Bullying can be unprovoked and involves behaviours which disrespect, hurt, threaten or frighten another person or group of people. It involves a perpetrator or perpetrators, a target or targets and witnesses.
Bullying can have a long-term effect on children and young people's educational, emotional and social development, which sometimes lasts into adult life. Some children may refuse to go to school and/or become ill, while others may become socially isolated and lonely. Schoolwork can suffer. Over a period of time, their self-esteem can be affected and a few children may become depressed or, in extreme cases, even attempt suicide.
Bullying is characterised by an imbalance and misuse of power between the perpetrator and the target. Often bullying is hidden as targets do not tell about their experience for fear of escalation and retaliation. It can continue for long periods.
Bullying methods may be physical, social or psychological and include:
verbal: name-calling, taunting, mocking, making offensive comments, gossiping, mimicking, spreading hurtful and untruthful rumours
physical: kicking, hitting, pushing, fighting, taking or damaging belongings, stealing money with threats
indirect bullying: spreading hurtful rumours, socially excluding people, sometimes through silent bullying, from groups and activities to hurt and lower their self esteem
cyberbullying: sending inappropriate text messaging and email through websites; abuse via social networking sites, chat rooms and Instant Messenger; sending offensive or degrading images by phone or via the internet, and bullying via online gaming.
Prejudice-related bullying (also known as identity-based bullying or bias bullying) refers to any form of bullying related to the characteristics considered unique to a child's identity, such as:
- bullying due to race, religion, beliefs (spiritual, moral, social and cultural development)
- bullying because of special educational needs and disabilities
- bullying about appearance and health
- bullying related to gender identity such as homophobic bullying or sexual bullying
- bullying due to home circumstances such as young carers or children in care.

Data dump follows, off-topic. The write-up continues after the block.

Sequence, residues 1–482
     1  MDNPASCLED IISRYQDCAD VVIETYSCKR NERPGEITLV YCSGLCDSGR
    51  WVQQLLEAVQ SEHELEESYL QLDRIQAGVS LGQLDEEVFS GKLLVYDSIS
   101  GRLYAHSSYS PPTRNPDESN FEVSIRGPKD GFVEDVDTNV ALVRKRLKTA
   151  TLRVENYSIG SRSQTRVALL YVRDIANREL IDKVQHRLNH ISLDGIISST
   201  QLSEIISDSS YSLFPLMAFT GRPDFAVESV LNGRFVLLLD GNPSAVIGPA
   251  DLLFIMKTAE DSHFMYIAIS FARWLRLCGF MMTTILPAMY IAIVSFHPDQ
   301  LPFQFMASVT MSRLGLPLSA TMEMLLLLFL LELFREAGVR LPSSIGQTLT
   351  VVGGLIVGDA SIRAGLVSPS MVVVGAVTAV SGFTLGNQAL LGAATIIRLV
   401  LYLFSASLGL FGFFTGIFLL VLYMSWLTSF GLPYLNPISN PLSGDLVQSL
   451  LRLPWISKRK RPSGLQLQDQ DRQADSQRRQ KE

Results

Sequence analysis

These forms of bullying are not only targeted at an individual, but reflect negative attitudes towards a wider sub-community or group to whom that individual identifies with (or is believed to identify with).
Who gets bullied?
Anyone can be bullied and sometimes children and young people may be a target of bullying and bullying others at the same time. Some children are bullied for no obvious reason, while others are bullied because they are seen to be different in some way. For example, they may have special educational needs, look different or come from a different cultural background.
Bullying and other behaviour
Bullying is sometimes used as a convenient label but it is not an 'all or nothing' phenomenon. There is a point at which play becomes coercive, lively interaction and banter between people becomes abusive and humour becomes wounding. In relationship conflict random aggressive acts or interactions may occur, but the use of power between the equals involved does not become destructive.
Bullying does not come about as a result of fixed personality traits leading to children and young people becoming a permanent 'bully' or a 'victim'. Research suggests that many 'perfectly nice' and popular children use bullying behaviours on occasions, and many are unaware of the devastating impact which their behaviour has on those they target.
A flowchart for young people to self-identify if they are being bullied.
A bullying diary for children and young people who are being bullied.
An information leaflet about bullying for young people.
A parents and carers guide to tackling bullying (trifold leaflet).
Bullying, what can parents do? A handout produced by Childline.